I warmed up riding next to Dave Morrow who I do know well and had given me great advice prior to my first duathlon. Dave has four – 1st place National Duathlon Championships in the last six years. He is a World Champion (2014) and finished in the top four two other times. We had a good brief chat as we loosened up our legs.

After we warmed up and got into the ride, Celia immediately identified a few things about my form and position on the bike. She was coaching me in the moment and sent a recap via text after the workout that will be useful for me to make adjustments immediately.

After the bike and a run I was able to chat with one of the group members, Peter Skafar, for a bit. I had met Peter at a couple of previous races but never entered a significant conversation. I picked his brain on various aspects of training and competing. What a nice guy to take extra time with me as I asked question after question. He is also a decorated racer with an Olympic Distance Triathlon National Championship (Hungary) under his belt as well.

What a wealth of information I gained in three hours of training on this Saturday morning. I realized I could ride with the group but my endurance was not at their level. I worked my butt off to hang with them and by the end I was barely doing so. It was a true beat down in a great way and training with this powerhouse group is something I need to do more often. I will be tweaking a few things immediately based on what I learned and know it will translate to riding faster.

We all have different goals and starting points with what we are trying to achieve. Whether it’s starting something new, improving a weakness or trying to enhance a strength, I have found the following components helpful for me to learn:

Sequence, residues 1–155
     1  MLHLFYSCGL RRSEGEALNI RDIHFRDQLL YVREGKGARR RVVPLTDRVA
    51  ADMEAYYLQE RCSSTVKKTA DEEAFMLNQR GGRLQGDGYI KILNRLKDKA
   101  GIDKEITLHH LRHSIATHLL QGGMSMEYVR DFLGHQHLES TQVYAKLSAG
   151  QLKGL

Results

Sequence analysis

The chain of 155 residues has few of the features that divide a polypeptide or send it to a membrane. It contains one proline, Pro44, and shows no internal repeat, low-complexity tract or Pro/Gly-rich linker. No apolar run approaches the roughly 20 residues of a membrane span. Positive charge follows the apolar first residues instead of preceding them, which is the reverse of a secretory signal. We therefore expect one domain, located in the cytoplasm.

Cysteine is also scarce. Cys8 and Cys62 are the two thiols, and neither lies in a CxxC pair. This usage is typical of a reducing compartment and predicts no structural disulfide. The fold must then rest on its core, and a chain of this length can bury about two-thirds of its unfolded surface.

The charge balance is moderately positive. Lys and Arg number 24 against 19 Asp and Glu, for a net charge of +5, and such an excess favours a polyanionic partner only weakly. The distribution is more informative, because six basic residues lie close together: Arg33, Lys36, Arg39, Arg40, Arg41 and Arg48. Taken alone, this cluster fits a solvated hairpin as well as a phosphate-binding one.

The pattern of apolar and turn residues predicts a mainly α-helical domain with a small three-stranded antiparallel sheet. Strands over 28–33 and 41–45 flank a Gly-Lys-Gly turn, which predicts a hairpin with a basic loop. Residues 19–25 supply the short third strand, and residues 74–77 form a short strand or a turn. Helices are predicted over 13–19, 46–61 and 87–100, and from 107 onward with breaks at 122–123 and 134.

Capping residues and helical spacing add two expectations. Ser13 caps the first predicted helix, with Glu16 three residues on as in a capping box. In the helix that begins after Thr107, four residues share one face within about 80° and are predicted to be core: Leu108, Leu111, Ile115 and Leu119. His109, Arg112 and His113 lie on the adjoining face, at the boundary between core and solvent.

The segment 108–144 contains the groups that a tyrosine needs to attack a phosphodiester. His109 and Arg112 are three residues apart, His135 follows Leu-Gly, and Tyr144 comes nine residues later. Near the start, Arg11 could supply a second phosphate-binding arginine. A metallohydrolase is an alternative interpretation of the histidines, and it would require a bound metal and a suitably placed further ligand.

1. Be intentional – identify what you are trying to achieve as specific as you can
  2. Be humble – seek feedback and ask a lot of questions; we can always learn something new or a new approach to something we already do well
  3. Surround yourself with people who are successful with what you are trying to achieve
  4. Put learning to action, test, tweak, repeat steps 1-3, and put to action again; things don’t have to be perfect before we do something
  5. Accept failure as a means to success – learn from mistakes and separate yourself from the failure (Ex. I failed to get the result I wanted at x race but I am not a failure; use the experience to fuel learning and progress)
  6. Develop habits to learn – find what works for you to get into a routine of learning (Ex. I use time in the car, on the bike, on runs, and cleaning my condo to listen to my favorite podcasts or read a book (audio) on topics I want to learn more about; I also ask a lot of questions as you can see…)

Never stop learning. We can always benefit from different perspectives, knowledge, and experiences. My learning and journey continues to Duathlon Nationals. I am looking forward to every training session up to race day with intention.

– Add Health to Your Life

Cycling Group